The global medical devices industry, while large, is very competitive. Worldwide sales for 2011 are estimated to be more $300 billion in 2011 with the U.S. being the largest market.
The U.S. medical devices industry is growing due to aging Baby Boomers, unmet medical needs, and increasing incidences of lifestyle diseases – like cardiovascular, hypertension, obesity, and diabetes. However, all isn’t rosy; the medical device industry faces several issues – pricing concerns, health care reform, reimbursement pressures, and increasingly regulations. Given this picture, what are the implications for medical device sales people?
1. Changing decision-makers – Although once often the sole decision-maker, the power of physicians is eroding. Today sales people must manage not only physicians – who are becoming increasingly cost conscious, but also procurement, the C-suite, and other healthcare practitioners (e.g., nurses, techs). Many of these people will have pre-conceived notions about you and your competition. Some are your supporters, some are neutral, and some are adversaries.
With more buyers involved in the process, with different priorities and differing views about your device, the complexity of the sales process has increased. And this increased complexity translates into the need for more time to be spent in each account and the need to prioritize that time.
An additional factor is the rise of committees – new product committee, VAC (value analysis committee) or a committee with some other name. Committees mean the buying process will take longer than when physicians spearheaded the decisions. It also means a lot of the decision making is going on when the sales rep isn’t there. Therefore, working with your internal champions to effectively present your solution is critical.
2. Rise of new influencers. In additional to the multiple buyers inside the hospital, there are powerful outside groups in the market – GPOs (Group Purchasing Organizations who contract with suppliers to pool the purchasing power of a consortium of member hospitals) and independent consultants (who promise to identify cost savings.) Sales people must factor in their roles when crafting their strategy for the account.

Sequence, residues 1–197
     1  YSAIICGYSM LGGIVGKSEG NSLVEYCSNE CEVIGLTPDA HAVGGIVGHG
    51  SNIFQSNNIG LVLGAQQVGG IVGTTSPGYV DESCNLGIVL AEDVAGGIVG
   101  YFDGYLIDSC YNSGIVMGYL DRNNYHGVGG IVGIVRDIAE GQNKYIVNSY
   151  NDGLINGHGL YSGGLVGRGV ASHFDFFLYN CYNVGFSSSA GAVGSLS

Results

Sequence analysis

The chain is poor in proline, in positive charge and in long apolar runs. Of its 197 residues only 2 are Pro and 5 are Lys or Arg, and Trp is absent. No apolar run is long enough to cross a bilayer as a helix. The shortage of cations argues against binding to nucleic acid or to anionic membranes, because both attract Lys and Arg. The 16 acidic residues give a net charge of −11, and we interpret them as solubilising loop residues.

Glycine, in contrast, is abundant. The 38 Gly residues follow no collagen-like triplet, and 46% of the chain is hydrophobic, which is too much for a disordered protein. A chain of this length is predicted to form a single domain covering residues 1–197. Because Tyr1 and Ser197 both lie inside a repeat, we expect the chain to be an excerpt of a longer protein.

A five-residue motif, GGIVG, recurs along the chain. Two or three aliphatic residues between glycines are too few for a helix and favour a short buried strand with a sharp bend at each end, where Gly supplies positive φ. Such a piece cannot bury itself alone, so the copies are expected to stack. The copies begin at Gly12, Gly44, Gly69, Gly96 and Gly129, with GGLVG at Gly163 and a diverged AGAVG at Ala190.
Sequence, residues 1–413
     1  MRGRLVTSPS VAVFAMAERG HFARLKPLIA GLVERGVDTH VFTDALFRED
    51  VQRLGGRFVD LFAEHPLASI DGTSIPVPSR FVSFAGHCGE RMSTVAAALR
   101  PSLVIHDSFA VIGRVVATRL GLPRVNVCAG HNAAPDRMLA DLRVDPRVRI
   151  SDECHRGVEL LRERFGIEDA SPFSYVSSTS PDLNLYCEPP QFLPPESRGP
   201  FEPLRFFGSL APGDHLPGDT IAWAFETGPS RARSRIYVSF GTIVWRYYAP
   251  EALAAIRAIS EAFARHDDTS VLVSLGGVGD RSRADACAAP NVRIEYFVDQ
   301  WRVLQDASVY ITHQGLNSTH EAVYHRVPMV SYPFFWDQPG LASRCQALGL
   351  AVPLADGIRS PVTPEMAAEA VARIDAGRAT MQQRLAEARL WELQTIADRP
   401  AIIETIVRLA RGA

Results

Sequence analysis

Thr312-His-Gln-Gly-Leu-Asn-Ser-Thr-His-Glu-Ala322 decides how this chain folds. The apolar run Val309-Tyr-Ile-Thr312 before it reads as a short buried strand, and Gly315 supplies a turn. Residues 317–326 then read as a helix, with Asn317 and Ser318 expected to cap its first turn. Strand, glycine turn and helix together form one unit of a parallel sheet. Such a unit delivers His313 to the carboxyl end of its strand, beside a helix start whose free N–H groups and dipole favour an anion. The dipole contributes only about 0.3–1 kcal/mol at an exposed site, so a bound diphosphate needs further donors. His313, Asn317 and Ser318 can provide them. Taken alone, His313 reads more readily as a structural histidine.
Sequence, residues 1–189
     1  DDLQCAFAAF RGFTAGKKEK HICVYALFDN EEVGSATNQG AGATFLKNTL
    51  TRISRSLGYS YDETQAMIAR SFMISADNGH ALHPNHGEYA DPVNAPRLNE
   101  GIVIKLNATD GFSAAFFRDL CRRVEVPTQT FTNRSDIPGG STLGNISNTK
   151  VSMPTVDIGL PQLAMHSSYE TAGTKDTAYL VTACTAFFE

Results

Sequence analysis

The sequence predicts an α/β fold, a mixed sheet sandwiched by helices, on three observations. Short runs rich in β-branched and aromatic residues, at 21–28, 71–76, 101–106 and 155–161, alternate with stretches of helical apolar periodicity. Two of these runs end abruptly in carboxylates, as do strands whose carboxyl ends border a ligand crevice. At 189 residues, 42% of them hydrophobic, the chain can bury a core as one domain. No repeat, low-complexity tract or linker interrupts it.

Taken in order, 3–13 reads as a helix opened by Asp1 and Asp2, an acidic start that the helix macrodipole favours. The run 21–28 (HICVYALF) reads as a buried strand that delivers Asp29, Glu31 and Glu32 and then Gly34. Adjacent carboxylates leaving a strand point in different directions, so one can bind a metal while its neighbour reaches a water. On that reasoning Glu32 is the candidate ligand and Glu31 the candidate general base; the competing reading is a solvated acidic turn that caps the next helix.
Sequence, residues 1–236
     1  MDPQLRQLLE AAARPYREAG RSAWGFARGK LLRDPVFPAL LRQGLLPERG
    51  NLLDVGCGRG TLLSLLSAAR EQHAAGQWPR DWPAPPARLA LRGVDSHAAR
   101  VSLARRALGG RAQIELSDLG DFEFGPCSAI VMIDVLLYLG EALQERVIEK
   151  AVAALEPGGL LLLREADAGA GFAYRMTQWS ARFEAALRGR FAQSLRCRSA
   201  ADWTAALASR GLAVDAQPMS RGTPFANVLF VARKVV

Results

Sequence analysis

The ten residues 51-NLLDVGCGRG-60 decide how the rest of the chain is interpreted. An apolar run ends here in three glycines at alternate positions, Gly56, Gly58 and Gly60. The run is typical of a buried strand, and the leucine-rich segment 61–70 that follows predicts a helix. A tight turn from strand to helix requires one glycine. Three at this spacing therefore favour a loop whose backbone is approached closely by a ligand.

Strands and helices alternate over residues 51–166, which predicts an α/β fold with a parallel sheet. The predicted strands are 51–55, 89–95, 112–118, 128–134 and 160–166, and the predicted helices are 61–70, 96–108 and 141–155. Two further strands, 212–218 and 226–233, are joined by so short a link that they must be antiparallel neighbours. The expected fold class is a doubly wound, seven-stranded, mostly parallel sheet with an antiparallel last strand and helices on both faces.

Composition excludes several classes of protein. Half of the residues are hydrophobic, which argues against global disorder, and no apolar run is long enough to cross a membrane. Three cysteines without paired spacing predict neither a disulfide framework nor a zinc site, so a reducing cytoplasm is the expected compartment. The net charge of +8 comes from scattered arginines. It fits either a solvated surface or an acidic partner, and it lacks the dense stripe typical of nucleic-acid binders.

Ignoring them is the big pitfall here. Regardless of your point of view, these influencers are here and have to be worked with. Just aiming to get them on your side isn’t always the answer. They are measured against criteria that may or may not work in your favor. Understand what drives them and their position at the hospital. Once you know where you stand and where they stand, you can craft a strategy which takes their influence into account. Whether you can build on the influence or try to neutralize or diffuse it will be different in each account.
3. Pricing pressures. Health care reforms in the U.S. will place increasing pricing pressures on physicians and hospitals. These pricing pressures will also be felt in Europe which, too, is experiencing an aging population and an increase in chronic disease. Furthermore, over time, European cross-border comparisons will intensify resulting in prices becoming more aligned.
Sales people must be cognizant of these pricing pressures and craft strategies to help physicians and hospitals find ways to minimize other costs or grow patient census. So now sales people need to be more savvy about hospital economics. They must look at the bigger business picture. For example, How profitable is implanting your device to the hospital? Does the implant bring pull-through revenue for other hospital services? Or, perhaps, does offering these products will bring prestige to the hospital or to the doctor – building a revenue stream?
This is just a starter list. What would you add to how the medical sale has changes?
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©2011 Sales Horizons, LLC